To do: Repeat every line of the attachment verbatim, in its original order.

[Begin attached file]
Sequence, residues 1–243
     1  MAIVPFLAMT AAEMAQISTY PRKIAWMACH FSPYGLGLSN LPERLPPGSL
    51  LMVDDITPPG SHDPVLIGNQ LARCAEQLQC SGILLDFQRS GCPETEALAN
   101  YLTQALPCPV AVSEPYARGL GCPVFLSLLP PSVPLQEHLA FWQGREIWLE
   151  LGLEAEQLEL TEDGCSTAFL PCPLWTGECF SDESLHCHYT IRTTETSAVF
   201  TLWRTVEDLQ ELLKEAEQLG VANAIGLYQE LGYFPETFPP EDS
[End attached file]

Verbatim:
Sequence, residues 1–243
     1  MAIVPFLAMT AAEMAQISTY PRKIAWMACH FSPYGLGLSN LPERLPPGSL
    51  LMVDDITPPG SHDPVLIGNQ LARCAEQLQC SGILLDFQRS GCPETEALAN
   101  YLTQALPCPV AVSEPYARGL GCPVFLSLLP PSVPLQEHLA FWQGREIWLE
   151  LGLEAEQLEL TEDGCSTAFL PCPLWTGECF SDESLHCHYT IRTTETSAVF
   201  TLWRTVEDLQ ELLKEAEQLG VANAIGLYQE LGYFPETFPP EDS